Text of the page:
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Funding fears for children's respite


Families providing respite holidays for children living in the fall-out zone of the Chernobyl nuclear plant disaster are campaigning to save a free visa scheme.

Volunteers have been welcoming youngsters from Belarus for a month-long stay each year as part of the Friends of Chernobyl's Children project.

But they say future visits could be threatened due to the Government scrapping a Foreign Office-funded "gratis" visa scheme, after 16 years, from March 31.

It means the county's three Friends of Chernobyl groups will have to find an extra £86, on top of the £500 it already costs, to bring each child to the country.

The West Leicestershire branch, in Markfield, has been bringing over a group of 15 children, from part of Belarus still suffering from the effects of the 1986 disaster, including chronic economic underdevelopment, since 2009.

Group co-ordinator John Buckby, who runs the branch with partner Sue Platts, said: "This is devastating news because if these proposals go ahead, we will have to find an additional £1,300 each year, which will place a very heavy burden on our small, self-supporting charity.

"We are run entirely by volunteers and meet the full cost of these life-changing breaks through our fund-raising."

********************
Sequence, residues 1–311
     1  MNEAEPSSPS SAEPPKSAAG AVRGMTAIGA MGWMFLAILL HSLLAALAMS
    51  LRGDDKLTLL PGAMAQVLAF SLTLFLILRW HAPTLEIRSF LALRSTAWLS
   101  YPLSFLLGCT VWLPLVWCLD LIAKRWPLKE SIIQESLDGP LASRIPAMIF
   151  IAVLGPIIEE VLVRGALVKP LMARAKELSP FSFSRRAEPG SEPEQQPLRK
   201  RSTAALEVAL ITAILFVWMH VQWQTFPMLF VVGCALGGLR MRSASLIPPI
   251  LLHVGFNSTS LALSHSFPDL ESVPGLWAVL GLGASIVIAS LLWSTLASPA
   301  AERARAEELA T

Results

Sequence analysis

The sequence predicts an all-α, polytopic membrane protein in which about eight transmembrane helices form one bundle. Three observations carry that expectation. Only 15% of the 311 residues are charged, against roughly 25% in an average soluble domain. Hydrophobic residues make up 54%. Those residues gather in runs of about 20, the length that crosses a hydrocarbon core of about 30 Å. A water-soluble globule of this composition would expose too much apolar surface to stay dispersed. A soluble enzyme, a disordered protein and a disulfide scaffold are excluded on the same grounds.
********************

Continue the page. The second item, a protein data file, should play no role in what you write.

During their visits, the children stay with a host family who organise trips and provide them with essential healthcare such as dental treatment, eye tests and a year's supply of multivitamins to boost their immune systems.

Miss Platts said: "The bottom line is if we don't get the proposed charges thrown out, we will not be able to afford to bring the same number of children to the UK for this essential respite."

John and Sue, who live in Broughton Astley, have taken in Liza, now 11, from the town of Mogilev, every summer for the past four years.

Miss Platts said: "When she first came to the UK, she was very pale, withdrawn and apprehensive. But by the end of year two, you could see her rosy cheeks, big smile and glint in her eyes."

Val Hatherall, group co-ordinator for the East Leicestershire group, in Queniborough, said: "We bring about 20 children over every year so the extra cost to our volunteers and families will be enormous."

Helen Sewell, co-ordinator of the Vale of Belvoir branch, which welcomes 11 children every summer, said: "We receive no statutory funding and I am concerned we could be forced to reduce the number of children we assist."

A Foreign & Commonwealth Office (FCO) spokesman said: "Ministers decided in 2010 that the FCO-funded gratis visa scheme would unfortunately end on March 31, 2013.

"We informed the charities of our decision in November 2010."

Andrew Bridgen, MP for North West Leicestershire, has offered his support and has written to the Foreign Office seeking clarification on what help can be provided.

"I sympathise with the charities' concerns," he said.

The Friends of Chernobyl's 30 branches, nationwide, need to raise 100,000 signatures in an online petition by January to trigger a debate on the changes in Parliament. So far, about 6,500 signatures have been collected.

To sign the e-petition, go to:

http://epetitions.direct.gov.uk/ petitions/37945


Funding fears for children's respite

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